Simulate your future aboard
While away from the dock, try out the things that you’ll want to be doing with the boat. Be imaginative.
Reality check — Lie down in the bunks while at cruising speed to see if you can sleep. Sit on the head and see if you (and the contents of the bowl) become airborne when the boat falls off a wave. Can you take a shower without getting the toilet paper wet?
Examine the boat with a critical eye. Can you cook in the galley while under way? Can you carry food from the galley to the steering station without desecrating that lush carpeting that looked so good at the boat show? Do you smell the bilge sloshing as the boat moves through the water? Can you lay out, study and use a paper chart at the wheel while under way? If you fish, will you be able to bring ’em aboard? Can you walk around the decks easily and safely, both under way and at the dock? (Don’t try this if there’s any question.) Are handholds well placed? Can you go up to and down from the flybridge safely? If your use will be limited to inshore, are you paying extra bucks for a boat specifically designed and built to make ocean passages, and do you want to pay for that feature?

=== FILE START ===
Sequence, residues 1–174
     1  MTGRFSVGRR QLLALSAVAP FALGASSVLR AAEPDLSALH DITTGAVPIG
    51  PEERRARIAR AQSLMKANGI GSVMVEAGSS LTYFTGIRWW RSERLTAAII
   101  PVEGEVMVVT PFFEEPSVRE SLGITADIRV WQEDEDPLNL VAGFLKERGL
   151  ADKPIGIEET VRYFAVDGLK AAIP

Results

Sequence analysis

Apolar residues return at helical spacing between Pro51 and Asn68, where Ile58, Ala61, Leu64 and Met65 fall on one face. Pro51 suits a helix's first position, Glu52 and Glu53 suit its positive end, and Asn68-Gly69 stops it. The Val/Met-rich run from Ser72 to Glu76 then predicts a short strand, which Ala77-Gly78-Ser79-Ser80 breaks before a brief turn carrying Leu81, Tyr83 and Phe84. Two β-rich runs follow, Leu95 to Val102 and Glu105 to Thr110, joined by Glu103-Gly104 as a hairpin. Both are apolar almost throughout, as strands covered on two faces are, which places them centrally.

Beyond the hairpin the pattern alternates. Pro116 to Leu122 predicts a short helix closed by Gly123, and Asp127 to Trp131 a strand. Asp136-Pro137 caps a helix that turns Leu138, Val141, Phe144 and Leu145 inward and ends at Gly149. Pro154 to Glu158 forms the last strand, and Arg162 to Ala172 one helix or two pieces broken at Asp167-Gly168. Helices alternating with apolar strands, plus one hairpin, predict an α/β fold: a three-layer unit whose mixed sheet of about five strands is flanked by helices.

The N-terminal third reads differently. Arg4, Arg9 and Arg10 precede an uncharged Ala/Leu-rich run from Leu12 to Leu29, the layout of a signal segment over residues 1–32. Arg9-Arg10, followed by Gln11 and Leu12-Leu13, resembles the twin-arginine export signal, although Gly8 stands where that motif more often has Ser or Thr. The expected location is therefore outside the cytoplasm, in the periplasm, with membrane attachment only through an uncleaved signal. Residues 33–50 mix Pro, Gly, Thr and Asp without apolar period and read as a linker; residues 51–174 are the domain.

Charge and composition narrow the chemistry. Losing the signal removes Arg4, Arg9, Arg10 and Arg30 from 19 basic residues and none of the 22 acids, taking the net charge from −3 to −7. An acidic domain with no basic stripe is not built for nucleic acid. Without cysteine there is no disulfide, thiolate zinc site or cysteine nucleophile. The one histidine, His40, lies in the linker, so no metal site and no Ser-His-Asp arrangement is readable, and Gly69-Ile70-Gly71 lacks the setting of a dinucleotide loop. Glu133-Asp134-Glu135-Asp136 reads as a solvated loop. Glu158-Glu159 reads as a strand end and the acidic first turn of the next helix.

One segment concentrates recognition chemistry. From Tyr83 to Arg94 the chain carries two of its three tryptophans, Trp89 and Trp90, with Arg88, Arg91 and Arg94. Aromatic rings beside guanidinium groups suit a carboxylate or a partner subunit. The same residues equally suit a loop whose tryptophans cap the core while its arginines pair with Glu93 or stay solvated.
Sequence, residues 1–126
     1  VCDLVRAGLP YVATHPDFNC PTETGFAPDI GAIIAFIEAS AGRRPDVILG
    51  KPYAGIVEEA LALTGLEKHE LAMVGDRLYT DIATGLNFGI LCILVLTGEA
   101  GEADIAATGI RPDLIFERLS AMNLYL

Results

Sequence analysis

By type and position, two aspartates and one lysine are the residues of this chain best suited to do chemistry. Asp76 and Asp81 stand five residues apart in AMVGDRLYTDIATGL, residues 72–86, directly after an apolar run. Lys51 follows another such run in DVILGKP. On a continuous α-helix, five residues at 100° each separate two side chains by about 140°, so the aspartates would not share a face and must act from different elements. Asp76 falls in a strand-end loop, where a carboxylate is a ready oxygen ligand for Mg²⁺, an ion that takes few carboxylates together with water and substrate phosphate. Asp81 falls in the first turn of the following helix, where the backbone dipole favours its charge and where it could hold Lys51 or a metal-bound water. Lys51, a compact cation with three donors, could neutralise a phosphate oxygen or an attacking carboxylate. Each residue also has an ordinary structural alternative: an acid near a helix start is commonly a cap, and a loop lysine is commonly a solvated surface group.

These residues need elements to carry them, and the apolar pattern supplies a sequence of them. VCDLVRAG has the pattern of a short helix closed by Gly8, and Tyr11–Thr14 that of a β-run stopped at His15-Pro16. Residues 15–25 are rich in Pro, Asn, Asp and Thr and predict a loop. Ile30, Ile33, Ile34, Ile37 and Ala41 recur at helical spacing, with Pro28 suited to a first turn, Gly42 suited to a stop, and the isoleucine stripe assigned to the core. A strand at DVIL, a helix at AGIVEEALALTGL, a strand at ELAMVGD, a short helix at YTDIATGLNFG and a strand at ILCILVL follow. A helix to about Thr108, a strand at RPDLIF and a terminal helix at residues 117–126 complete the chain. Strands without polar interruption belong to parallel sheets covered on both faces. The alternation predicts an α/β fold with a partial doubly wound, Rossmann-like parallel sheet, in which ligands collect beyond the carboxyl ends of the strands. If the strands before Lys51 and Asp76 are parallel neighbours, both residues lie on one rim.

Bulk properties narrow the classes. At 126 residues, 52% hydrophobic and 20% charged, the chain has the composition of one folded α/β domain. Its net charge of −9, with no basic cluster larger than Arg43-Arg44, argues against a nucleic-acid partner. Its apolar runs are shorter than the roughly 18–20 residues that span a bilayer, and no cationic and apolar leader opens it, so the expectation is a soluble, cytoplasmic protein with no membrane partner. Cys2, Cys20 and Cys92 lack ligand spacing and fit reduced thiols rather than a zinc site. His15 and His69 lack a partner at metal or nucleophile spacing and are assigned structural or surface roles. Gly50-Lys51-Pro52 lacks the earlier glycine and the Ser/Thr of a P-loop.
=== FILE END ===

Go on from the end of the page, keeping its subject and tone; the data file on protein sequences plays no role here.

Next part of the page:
Anchor in deep water and where there’s a chop. It’s amazing how many boats are built with poor anchoring gear. Will the windlass pull up the anchor and chain from deep water? Will it take a week to do it? Does the foredeck layout make you prone to entangle toes and fingers in the rode? Is there a good fairlead for the rode and snubbing gear?